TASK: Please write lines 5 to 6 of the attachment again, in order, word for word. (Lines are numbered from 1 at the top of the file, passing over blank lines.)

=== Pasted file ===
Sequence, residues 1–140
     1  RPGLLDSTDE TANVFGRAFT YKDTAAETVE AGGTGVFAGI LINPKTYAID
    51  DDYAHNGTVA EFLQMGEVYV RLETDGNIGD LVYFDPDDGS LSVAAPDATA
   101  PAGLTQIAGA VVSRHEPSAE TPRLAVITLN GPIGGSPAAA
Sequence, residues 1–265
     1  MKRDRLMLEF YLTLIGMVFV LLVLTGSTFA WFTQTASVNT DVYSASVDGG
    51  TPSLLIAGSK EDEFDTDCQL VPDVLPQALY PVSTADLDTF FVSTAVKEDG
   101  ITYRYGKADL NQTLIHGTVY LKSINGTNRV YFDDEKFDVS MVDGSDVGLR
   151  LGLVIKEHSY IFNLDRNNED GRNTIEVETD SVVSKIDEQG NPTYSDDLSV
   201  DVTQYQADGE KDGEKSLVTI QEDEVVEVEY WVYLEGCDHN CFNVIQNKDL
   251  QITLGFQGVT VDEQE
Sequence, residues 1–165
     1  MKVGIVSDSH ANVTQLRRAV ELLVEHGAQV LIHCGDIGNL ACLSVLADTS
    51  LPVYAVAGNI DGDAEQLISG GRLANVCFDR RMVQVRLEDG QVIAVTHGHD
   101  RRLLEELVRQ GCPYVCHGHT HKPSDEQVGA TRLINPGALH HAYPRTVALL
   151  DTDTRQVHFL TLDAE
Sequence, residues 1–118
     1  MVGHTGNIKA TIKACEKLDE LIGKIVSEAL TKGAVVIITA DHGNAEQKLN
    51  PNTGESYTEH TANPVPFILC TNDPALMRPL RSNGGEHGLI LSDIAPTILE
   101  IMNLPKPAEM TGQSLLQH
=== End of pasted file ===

Sequence, residues 1–265
     1  MKRDRLMLEF YLTLIGMVFV LLVLTGSTFA WFTQTASVNT DVYSASVDGG